- October 30, 2020
- Intent Data
Prying Open the Black Box: Why Bidstream Data is Not a Sustainable Source of Intent
“Billions of signals…” Does this phrase sound familiar to you when it comes to intent providers?
There’s been a proliferation of solutions offering intent data in recent years, most of which tell some variant of the story in which they can instantly monitor hundreds of thousands of websites to determine where to target your sales or marketing outreach. While this black box approach to intent data has, for the most part, skirted by the market’s overall concerns with data leakage and data privacy, recent developments call into question whether the web scraping methodologies used are sustainable going forward, and whether they’re delivering on their value proposition today.
How exactly does a company “monitor” websites that they don’t own or have any relationship with? It’s simple enough to crawl websites, and the smart use of AI can do some of the work of classifying web pages (although the quality issues that come with AI classifications is a blog post for another day). But crawling a web page doesn’t tell you who visited it. There are limited ways to match relevant content with a site visitor – none of them get to the level of the individual user, and they’re all under siege.
The problem with bidstream data sourcing
One common way to do this is through the use of bidstream data, which is derived from programmatic advertising exchanges. The real-time bidding process that results in a programmatic impression being offered to multiple potential advertisers exposes certain information about the page and the site visitor to not just the winning ad impression owner, but to any party that bids on the inventory. Companies will set up ad bidding to “see the inventory” with no intention of buying the ad, but simply to make use of the bidstream data to harvest audience information from the sites being bid upon.
While this approach doesn’t rely on cookies, it also raises troublesome questions about unauthorized data use that are drawing attention just as the third party cookie is being phased out. This summer, a group of U.S. House and Senate lawmakers called upon the FTC to investigate whether use of bidstream data to capture and sell consumers personal information violates federal laws barring deceptive business practices.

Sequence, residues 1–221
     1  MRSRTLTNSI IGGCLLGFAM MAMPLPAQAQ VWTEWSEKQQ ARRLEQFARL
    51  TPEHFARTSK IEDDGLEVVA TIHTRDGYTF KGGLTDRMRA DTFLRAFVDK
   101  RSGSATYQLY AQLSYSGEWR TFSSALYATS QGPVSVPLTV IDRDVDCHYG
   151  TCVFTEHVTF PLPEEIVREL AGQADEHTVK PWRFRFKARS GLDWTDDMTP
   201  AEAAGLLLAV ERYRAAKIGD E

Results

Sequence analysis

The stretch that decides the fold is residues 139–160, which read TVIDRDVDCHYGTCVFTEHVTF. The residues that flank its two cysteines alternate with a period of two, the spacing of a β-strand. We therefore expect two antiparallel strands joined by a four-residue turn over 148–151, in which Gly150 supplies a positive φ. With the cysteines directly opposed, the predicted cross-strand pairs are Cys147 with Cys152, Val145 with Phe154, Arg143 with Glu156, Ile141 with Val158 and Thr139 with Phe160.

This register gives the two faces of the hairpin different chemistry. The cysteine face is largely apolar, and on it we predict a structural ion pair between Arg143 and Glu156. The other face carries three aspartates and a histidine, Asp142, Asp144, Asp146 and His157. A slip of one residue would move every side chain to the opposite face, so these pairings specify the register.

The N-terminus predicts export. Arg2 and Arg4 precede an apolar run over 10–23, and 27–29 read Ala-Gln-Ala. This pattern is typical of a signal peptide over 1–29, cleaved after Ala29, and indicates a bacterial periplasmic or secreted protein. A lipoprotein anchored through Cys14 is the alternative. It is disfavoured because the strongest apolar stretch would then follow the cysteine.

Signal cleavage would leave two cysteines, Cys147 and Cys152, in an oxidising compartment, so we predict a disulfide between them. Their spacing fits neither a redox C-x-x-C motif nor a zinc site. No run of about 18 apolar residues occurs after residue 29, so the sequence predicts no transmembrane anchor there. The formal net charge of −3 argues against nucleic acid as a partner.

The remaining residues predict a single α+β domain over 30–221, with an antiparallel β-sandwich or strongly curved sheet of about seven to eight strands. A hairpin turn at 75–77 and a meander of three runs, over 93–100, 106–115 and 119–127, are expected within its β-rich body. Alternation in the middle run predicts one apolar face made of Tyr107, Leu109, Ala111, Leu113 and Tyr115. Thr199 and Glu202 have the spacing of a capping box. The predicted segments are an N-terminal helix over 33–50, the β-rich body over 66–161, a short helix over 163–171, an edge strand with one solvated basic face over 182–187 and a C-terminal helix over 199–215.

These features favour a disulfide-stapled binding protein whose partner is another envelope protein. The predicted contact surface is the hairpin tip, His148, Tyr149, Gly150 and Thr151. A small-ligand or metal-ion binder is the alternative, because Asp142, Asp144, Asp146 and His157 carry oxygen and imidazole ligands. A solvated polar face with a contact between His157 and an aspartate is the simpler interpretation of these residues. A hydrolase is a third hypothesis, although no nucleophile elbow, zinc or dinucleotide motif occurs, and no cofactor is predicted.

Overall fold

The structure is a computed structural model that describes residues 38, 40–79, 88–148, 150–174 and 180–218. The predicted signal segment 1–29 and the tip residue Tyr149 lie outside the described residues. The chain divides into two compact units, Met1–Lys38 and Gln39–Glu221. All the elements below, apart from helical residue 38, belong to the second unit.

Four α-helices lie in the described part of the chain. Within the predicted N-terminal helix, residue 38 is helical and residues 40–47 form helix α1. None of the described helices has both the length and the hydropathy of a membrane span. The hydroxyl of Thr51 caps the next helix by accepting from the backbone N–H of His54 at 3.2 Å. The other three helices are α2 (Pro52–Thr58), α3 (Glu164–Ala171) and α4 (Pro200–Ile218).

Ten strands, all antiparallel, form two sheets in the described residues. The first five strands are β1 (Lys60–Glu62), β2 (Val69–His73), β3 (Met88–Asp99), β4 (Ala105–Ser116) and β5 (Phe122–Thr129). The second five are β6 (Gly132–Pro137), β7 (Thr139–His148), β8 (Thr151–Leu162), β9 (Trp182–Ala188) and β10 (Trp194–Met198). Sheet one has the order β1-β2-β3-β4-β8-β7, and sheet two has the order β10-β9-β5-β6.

In a separate development earlier this summer, the Business Publishers’ Association published an open letter from some of the B2B industry’s largest information providers calling upon the digital ad ecosystem to put an end to data leakage in the programmatic bidstream. TechTarget gladly signed onto this initiative because it reflected a reality we’ve long been aware of – publishers who allow their pages to be bid upon programmatically are unwittingly handing off valuable audience data to companies that are using it to create derivative products that compete against them. We’ve chosen not to participate in these programmatic exchanges to protect our audience data – and other key tech information providers are now doing the same, further reducing the actual realizable value of the dataset. You can check out the BPA’s very informative overview of the issue here.
Other approaches used to harvest audiences you should pay attention to
Bidstream data isn’t the only approach being used to harvest audiences. Web tools that enable content sharing, analytics, or other site features are often capturing user visit data and creating datasets that can be licensed by black box intent providers as another source of URLs and account level reverse IP mapping. Undercover audience harvesting by web feature widgets isn’t discussed often, but it’s the next front in the privacy discussion. The same information providers that don’t want their audience data compromised by bidstream data leakage are also starting to pay attention to this issue – quality data sources don’t give away their data assets for free.
All intent is not created equal – make sure you know your sources
TechTarget’s Priority Engine purchase intent insight platform does not rely on data scraped from across the web, but from the real, observed activity of opted-in buyers across our owned and operated network of 140+ sites. But all intent is not created equal – many vendors will not be as transparent with you on where they are sourcing the intent they provide to you and they will not be able to clearly articulate the value purportedly embedded in it.
Recent developments make it clear that the black box approach to intent data is getting pried open. Make sure you are asking your intent vendors the right questions and you are assessing the quality of the signals and data you receive.